Commentary by Marksová-Tominová: Klaus's political correctness
Václav Klaus has commented for news server Novinky.cz on the cause of Ladislav Bátora, an adviser to the Czech Education Minister who is meant to join the ministry as first deputy. The news server has also reported that it was Klaus who recommended Bátora for the ministry in the first place.
In his commentary, Václav Klaus takes umbrage at the allegedly excessive "political correctness" through which some journalists and - the horror of it! - even some politicians from the right wing of the political spectrum have "set off the Bátora scandal". The president even attempts to prove that this media criticism of Bátora shows that our society is lacking in the elements of a democracy. Klaus is convinced that "... political correctness in our country is dictated by a self-elected group of people who sovereignly and authoritatively tell us what is and is not permitted. Anyone who dares to defy it is overtaken by an avalanche of attacks that lead to their restriction in society - often the loss of employment and even personal ostracization. That is exactly what is happening in this country today with Ladislav Bátora.“
Poor Ladislav Bátora, innocent as a lily. If I were to read Klaus's arguments only, I would doubtless be ashamed to have ever held a dark thought against Bátora. After all, the arguments of a president carry real weight. He cites Bátora's own autobiography in his support, a work in which the author describes his attitude toward various phenomena. We learned from the media last week that Bátora does not like the European Union and has participated in demonstrations against the Lisbon Treaty. Besides his other opinions, which are not very surprising ("... tradition is better than progress... And no in general to Europeanism, human rights-ism, genderism, multiculturalism, feminism, anti-discriminationism, political correctness, ..., positive discrimination, homosexualism…") I found it remarkable to discover, for example, that Bátora "prefers Šuláková to Pavlica“, and to learn that this is yet another opinion he shares with Mr President ("I also prefer to listen to Jarmila Šuláková on the radio than to that destroyer of folk music, Pavlica“). My life would have truly been impoverished had I never learned this.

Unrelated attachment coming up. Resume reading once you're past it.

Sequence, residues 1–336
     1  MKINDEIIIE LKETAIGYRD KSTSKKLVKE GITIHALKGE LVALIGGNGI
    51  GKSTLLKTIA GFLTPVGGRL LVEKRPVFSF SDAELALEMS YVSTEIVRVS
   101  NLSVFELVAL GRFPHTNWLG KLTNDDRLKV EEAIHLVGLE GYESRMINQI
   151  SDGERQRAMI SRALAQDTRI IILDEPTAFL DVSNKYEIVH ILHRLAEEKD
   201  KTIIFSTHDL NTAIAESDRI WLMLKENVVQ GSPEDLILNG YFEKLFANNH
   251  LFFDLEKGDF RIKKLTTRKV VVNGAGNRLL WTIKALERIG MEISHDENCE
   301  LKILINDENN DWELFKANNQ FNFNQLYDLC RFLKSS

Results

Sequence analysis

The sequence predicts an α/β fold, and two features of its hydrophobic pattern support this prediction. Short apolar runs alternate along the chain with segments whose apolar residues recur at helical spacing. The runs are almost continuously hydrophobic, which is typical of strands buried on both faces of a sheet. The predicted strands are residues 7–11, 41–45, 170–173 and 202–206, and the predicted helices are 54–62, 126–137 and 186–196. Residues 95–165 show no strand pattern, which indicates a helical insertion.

Mr Bátora naturally has a paramount right to hold opinions about the EU and all the other topics listed above. It's just that since he is supposed to advise the Education Minister and was supposed to have become the first deputy of a ministry which is supposed to be actively doing away with the discrimination that is committed against some pupils in the Czech schools, his opinions strike me as diametrically opposed to what he would be dealing with in such a position. It is also hard to say what position such an anti-EU person would take, for example, on the necessity to draw on EU funding....
However, this is all nothing compared to the most important information, information on which the President somehow tactically remained silent while defending Ladislav Bátora. Mr Bátora ran for election as the leader (!) of one of the National Party's candidate lists. Even if he was never a party member, this fact classifies him as an extremist in my view. For Václav Klaus, of course, this fact is so insignificant as to not even be worth mentioning in his piece.
At the end of his text, Václav Klaus thanks Mr Bátora for expressing his opinions so sharply and so openly. Here at the end of my text, I thank Prime Minister Nečas for unambiguously and publicly opposing the appointment of this extremist to the post of deputy minister.
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